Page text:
One of the greatest genres of modern board games – cooperative games – effectively didn’t exist two decades ago. Just 15 years ago, tabletop games were a bit of a dead end. On one side were traditional, family-friendly board games that Americans had kept in their closets for generations. On the other side were elaborate strategy wargames and niche miniatures games that only appealed to a few enthusiasts. Either way, in any case, players sat around the table looking for a confrontation, whether through drops and ladders or slightly more violent means. Then, in the early 2000s, everything changed.
Fireside Games co-founder Justin De Witt, creator of the hit co-op board game Castle Panicremembers when things changed for him.
“I mean it was 1999 or 2000,” De Witt told Polygon in a recent video call. “A friend pulled out a copy of Settlers of Catan, and I was blown away. What happened to board games? They are fun now! And you don’t have to beat the other guy!
Now known as Catania, the world’s best-selling board game by Klaus Tueber, has put “European-style” tabletop games in the limelight. Eurogames, as they have been called, are not based on random dice rolls. They also minimize open confrontation, opting instead to encourage players to compete while pursuing parallel goals. But Eurogames also have another feature that, initially at least, made them a tough sell in the US market: they often lack a strong theme. That makes them hard to describe, hard to market, and, well, kinda boring.
“I didn’t really feel like I was building a village,” said De Witt, recalling his first time playing Catania. “I was scoring points by buying things and trading things. But I wanted something where you felt like you were going to die. I wanted players to have that, ‘Oh, my God! We work together or we are doomed!’ moment.”
This inspired De Witt to invent Castle Panic, a game in which 1 to 6 players work together to defend their castle against a horde of rampaging enemies. It takes the simplicity and satisfaction of the tower defense genre and combines it with Tolkien-style high fantasy. The result is a satisfying experience for gamers of all ages. Today, more than a decade after its conception, Castle Panic Second Edition comes to detail.
But the best-selling board game almost didn’t get made at all. De Witt’s training was as an artist and he always dreamed of one day working for Disney. After working a series of tech jobs – and also suffering some nasty layoffs – he finally came to work at Steve Jackson Games, a company best known for its line of Munchkin card games.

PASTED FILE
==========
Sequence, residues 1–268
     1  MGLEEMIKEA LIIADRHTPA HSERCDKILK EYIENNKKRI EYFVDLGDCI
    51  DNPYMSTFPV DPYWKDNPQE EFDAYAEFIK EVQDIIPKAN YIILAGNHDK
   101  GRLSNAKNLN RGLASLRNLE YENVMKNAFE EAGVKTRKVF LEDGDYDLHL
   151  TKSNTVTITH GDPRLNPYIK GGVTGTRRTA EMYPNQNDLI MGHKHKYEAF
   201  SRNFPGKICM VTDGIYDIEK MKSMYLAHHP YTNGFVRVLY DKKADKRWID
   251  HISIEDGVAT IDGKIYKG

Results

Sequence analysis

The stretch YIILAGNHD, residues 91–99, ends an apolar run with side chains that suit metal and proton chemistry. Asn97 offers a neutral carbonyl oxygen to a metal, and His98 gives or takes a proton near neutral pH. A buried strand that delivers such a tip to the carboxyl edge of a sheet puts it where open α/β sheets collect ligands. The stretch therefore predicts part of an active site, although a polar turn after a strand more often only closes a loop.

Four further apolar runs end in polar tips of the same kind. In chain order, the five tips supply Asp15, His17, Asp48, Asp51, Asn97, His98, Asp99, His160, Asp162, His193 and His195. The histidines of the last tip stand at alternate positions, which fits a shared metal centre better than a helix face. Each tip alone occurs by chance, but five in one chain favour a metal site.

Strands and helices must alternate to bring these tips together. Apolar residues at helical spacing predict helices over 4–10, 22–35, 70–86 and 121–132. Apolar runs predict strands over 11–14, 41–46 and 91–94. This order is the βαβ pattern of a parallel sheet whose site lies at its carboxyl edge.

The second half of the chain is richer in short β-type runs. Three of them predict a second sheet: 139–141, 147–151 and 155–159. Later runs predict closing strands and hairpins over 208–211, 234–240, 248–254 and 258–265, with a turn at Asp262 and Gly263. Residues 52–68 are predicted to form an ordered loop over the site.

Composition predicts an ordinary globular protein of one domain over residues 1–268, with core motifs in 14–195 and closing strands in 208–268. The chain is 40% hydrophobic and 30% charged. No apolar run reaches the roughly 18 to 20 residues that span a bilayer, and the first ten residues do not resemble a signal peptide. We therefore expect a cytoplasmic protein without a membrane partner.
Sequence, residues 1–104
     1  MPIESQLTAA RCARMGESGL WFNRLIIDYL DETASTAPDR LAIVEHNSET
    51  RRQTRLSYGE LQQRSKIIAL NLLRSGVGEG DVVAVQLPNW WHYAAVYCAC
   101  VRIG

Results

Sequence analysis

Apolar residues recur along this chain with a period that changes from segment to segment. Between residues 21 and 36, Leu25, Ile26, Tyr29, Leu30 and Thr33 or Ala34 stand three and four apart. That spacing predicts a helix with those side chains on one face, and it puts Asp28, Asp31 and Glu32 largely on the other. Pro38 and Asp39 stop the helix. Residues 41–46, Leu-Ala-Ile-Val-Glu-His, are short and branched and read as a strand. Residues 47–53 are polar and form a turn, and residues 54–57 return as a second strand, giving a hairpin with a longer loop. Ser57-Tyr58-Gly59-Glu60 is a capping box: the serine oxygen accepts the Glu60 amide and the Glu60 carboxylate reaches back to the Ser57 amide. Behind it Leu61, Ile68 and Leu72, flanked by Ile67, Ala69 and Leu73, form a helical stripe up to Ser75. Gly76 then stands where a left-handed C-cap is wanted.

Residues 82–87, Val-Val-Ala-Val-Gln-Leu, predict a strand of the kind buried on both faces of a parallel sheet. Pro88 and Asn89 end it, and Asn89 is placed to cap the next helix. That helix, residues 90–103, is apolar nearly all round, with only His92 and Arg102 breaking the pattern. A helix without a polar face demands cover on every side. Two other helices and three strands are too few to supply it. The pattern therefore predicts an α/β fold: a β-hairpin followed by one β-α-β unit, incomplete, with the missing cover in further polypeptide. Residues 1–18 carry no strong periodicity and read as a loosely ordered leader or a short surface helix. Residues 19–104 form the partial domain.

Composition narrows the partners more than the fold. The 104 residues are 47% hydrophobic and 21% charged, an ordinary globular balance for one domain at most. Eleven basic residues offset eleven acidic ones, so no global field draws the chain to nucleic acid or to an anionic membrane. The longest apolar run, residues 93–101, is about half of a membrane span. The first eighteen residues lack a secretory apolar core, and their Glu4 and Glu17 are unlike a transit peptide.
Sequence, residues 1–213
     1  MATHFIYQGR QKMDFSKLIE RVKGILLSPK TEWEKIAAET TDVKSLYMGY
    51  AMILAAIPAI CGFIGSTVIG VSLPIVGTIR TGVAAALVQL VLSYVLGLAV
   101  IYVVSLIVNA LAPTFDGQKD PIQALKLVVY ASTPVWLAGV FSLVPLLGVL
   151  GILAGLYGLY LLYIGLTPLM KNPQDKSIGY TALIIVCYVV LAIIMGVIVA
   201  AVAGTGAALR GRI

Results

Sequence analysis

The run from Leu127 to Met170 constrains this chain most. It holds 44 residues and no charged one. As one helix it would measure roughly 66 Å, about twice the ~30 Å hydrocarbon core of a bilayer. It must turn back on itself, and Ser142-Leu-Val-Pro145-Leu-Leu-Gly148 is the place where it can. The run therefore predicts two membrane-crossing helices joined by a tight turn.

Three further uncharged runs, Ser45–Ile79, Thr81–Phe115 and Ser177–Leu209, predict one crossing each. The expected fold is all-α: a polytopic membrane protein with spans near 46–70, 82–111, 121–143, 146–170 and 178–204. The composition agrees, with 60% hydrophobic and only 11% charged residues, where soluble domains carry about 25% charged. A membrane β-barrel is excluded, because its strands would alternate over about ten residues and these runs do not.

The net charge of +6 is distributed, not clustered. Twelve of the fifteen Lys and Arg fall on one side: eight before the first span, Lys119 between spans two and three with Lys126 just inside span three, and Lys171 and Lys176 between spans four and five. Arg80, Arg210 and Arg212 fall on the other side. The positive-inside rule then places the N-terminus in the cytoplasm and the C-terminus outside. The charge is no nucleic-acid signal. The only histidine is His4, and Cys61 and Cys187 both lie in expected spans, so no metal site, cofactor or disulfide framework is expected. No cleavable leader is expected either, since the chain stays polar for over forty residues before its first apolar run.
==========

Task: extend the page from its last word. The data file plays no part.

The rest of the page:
“That’s when I started working on the idea of a real cooperative game,” De Witt said, “before something that big was out there. I had different genre ideas, Well maybe we’re on a pirate shipWhere maybe we’re on a spaceship. It was around the same time that the Lord of the Rings movies were released. I was like, Oh! We should make a castle out of it!”
The concept, inspired by the Battle of Helm’s Deep, stuck. Soon De Witt had a prototype and some samples of the final game. He and his wife, Anne-Marie De Witt, spent time driving around the American South demonstrating the game to independent retailers, running their fledgling business more or less out of the trunk of their car during their holidays. The process taught them a lot about consumer expectations.
“One of the things we had to do to make Castle Panic the job very early on was to physically get the players out of the game,” De Witt said. “Instead of having a piece on the board, you became the castle, which is a weird abstract leap that to this day I still see people when they’re new to the game say, ‘Wait, what? I am not this tower?’ No. “Am I the red side of the board? ” Nope. You are the castle.
In a time before crowdfunding was mainstream, and in a time before investing in tabletop games was even on Silicon Valley’s radar, the De Witts funded the development of Castle Panic themselves. Justin De Witt even did all the art, which saved the company a lot of money. Then they bet a pretty penny on that first experimental final game draw.
“There’s a big moment when Anne-Marie literally writes the cheque,” De Witt said, “and I’m like, Stop. Do we really want to do this? We can still cancel at this point. But no, no… we have to do this. We must do this. So we take the big check and send it. The game is made, it arrives, and our 3,500 copies sell out in just 10 weeks. We are just amazed.
Castle Panic is now the cornerstone of the Fireside Games catalog. It’s a successful small business with a handful of other popular titles on the market. Castle Panic Second Edition is a chance to modernize the look of the game which, De Witt sheepishly admitted, “looked like it was 10 years old.” The gameplay remains almost entirely unchanged. This same art entered into Castle Panic: Big Box second edition, which bundles all of the game’s most popular expansions into one package. Both are ready to welcome the next generation of board gamers to the table.
“We built it to be a gateway,” De Witt said. “So many people come up to us and tell us it was their first game, or the one their kids still enjoy playing the most. […] I think we are still on the right track.